What’s the point of a new camera if you don’t do something fun to photograph? The problem I encountered with the way of thinking was that it made me impatient to do something awesome, so I went hiking the next weekend. Everything started great, even seeing bear scratches on trees didn’t unnerve me. What finally did unnerve me, however, was six inches of snow covering the trailhead because someone (yeah, it was me) forgot the compass so backbearings were out of the question. After a week of 30 degree weather and no mention of remaining snow anywhere online, I hadn’t expected this kind of problem. While snow makes for great shots of D’mitry, crusty, half melted ice snow looks far too disappointing for effective dinosaur photography. I settled instead for the scratches on the trees.


As well as an appreciation for dirt trails, I also came to appreciate snowshoes. I don’t own a pair myself, although I may next time I go overnight hiking in spring, but they make great prints in the snow that are super easy to follow. After sneaky following a group’s snow shoe prints through thick forest growth, we eventually stumbled upon the trail, only have it disappear again after a few kilometres. With the snow getting thicker as we climbed the mountain and us having no idea whether we are even close to the path or just blindly slugging uphill, constantly falling through the icy snow, we began re-evaluating our choices. At this point, D’mitry had only made it out of my pack twice and my legs were covered in ice scratches, so the disappointing decision was made to turn back. As we followed our footprints we reflected on the fact that we had carried a tent, stove, fuel and enough food for two days up a big snowy hill, only to turn around and go home.

But it’s not all bad. Nothing a hot shower and cup of brand new loose leaf tea can’t fix. Going on a compensatory adventure the next day certainly helped too. I’ve never had any interest in cycling, especially knowing that your thighs burn while trying to maintain enough momentum to ride up a giant hill when instead you could just walk at your own pace. Hiking is still better, but in an attempt to spend more time outside together and create more opportunities to take cool photos of D’mitry, my pet Tim has convinced me to start road cycling. If I’m honest, I’m actually becoming a bit of a fan. I’ll even go as far to say that it was a half-decent replacement for a failed overnight hike trip. No photos yet, because I’m not great at it and tend to concentrate too hard to photograph a tiny dinosaur, but we’ll get there.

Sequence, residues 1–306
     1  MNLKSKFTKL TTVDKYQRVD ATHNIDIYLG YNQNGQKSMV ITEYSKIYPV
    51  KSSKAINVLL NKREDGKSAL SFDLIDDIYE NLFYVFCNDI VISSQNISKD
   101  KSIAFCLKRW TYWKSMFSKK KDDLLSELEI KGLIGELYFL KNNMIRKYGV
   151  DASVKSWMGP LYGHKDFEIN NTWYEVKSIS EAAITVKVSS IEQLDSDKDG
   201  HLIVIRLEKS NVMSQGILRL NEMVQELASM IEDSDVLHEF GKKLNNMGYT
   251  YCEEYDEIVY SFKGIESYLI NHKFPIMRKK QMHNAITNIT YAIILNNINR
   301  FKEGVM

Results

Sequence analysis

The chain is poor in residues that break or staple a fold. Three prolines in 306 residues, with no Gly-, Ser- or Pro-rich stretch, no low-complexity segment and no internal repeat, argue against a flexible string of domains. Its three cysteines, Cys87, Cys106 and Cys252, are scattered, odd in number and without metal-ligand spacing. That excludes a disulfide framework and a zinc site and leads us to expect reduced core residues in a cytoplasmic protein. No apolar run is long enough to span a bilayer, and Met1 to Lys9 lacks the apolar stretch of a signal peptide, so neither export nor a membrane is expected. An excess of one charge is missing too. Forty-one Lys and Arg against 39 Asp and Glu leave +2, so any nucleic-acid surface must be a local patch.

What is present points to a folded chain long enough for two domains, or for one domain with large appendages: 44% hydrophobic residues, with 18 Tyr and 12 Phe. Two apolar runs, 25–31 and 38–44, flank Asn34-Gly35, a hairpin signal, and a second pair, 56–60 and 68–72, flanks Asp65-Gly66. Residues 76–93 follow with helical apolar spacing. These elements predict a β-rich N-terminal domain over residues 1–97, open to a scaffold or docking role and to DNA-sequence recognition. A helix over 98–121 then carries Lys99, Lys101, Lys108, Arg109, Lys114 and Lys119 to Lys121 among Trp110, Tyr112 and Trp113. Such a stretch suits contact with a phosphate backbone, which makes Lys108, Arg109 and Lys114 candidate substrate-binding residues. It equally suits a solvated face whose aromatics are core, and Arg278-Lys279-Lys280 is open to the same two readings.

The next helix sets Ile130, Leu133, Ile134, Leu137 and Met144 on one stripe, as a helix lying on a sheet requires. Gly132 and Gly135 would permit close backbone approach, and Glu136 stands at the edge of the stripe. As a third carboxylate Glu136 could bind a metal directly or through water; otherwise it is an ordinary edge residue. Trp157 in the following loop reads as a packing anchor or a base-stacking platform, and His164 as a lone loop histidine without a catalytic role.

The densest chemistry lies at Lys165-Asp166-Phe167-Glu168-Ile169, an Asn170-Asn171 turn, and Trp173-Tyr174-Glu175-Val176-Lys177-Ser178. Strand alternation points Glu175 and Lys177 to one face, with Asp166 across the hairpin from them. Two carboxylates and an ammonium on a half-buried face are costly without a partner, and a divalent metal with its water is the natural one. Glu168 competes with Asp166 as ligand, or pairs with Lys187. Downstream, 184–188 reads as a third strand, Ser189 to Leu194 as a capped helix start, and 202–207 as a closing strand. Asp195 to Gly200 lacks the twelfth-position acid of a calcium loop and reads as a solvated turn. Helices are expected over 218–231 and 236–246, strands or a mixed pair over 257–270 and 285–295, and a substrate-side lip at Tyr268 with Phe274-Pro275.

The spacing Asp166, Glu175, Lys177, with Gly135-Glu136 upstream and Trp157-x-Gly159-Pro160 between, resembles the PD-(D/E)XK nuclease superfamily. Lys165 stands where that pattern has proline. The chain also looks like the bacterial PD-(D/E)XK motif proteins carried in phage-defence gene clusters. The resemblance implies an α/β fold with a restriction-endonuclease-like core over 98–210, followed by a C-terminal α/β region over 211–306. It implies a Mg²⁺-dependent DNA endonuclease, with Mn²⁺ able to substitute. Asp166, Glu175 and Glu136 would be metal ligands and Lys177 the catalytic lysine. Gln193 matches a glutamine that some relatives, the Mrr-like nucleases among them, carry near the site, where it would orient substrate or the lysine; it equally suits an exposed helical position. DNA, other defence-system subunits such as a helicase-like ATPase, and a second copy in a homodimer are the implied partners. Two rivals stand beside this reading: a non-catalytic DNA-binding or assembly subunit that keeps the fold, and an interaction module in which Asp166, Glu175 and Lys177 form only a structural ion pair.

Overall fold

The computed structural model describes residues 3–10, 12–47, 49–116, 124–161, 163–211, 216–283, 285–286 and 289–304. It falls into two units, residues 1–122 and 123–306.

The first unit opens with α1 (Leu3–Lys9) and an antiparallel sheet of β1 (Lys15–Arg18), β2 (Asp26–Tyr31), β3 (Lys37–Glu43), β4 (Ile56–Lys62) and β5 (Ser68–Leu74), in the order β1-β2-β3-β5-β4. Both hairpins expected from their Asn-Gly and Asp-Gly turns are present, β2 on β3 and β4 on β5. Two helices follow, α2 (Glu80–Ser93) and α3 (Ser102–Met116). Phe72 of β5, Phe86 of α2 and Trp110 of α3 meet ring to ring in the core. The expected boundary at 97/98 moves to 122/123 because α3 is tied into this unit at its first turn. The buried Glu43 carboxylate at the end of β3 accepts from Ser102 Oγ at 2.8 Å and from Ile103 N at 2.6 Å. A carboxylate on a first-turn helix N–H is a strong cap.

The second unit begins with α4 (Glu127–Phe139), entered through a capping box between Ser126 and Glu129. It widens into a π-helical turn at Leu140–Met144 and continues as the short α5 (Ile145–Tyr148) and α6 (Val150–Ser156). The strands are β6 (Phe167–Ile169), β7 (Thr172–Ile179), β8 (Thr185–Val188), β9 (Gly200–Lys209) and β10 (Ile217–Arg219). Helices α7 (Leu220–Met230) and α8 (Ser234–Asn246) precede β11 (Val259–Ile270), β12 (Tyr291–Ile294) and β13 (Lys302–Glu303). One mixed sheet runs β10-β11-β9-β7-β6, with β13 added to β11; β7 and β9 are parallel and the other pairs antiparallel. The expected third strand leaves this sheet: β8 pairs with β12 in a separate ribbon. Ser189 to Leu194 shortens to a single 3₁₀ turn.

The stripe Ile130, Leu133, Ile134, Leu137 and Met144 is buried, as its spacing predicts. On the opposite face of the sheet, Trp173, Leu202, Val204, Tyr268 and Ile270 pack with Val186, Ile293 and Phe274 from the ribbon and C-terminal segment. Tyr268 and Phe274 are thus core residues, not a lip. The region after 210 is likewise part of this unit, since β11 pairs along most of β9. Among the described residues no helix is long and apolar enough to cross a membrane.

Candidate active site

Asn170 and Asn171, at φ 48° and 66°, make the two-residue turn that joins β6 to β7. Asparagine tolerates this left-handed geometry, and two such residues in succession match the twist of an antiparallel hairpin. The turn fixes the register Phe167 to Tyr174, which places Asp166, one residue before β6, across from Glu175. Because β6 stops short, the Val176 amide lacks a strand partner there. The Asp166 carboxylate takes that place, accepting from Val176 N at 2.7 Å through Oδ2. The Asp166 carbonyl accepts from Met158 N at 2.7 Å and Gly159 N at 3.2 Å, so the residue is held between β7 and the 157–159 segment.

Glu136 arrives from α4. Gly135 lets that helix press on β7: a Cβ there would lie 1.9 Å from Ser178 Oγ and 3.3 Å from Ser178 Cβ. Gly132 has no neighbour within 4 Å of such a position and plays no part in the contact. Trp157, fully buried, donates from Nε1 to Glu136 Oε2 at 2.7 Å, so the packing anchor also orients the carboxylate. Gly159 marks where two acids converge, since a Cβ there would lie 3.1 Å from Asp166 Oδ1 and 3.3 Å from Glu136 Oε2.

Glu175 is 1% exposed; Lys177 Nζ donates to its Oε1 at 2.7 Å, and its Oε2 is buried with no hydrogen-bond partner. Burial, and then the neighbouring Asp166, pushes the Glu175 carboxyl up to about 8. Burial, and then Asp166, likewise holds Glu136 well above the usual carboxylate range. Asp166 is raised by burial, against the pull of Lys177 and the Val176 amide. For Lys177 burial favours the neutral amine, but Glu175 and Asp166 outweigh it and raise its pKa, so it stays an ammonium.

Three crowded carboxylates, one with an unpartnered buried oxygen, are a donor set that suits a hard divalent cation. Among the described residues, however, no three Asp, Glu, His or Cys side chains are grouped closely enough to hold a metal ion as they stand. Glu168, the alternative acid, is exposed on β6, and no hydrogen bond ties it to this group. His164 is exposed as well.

An honest review of adventure-worthy cars by a non-car enthusiast and a tiny dinosaur.

Although the vast majority of my favourite adventures don’t involve cars at all, their remote locations make driving a prior necessity. It’s not that I don’t like driving (I actually quite like it), it just doesn’t really go well with the pursuit of nature in my opinion. However, since we have established that driving is necessary for getting to adventure locations, many of which involve rough, winding roads and extreme weather, it seems appropriate to share some of my favourite vehicles from my driving history.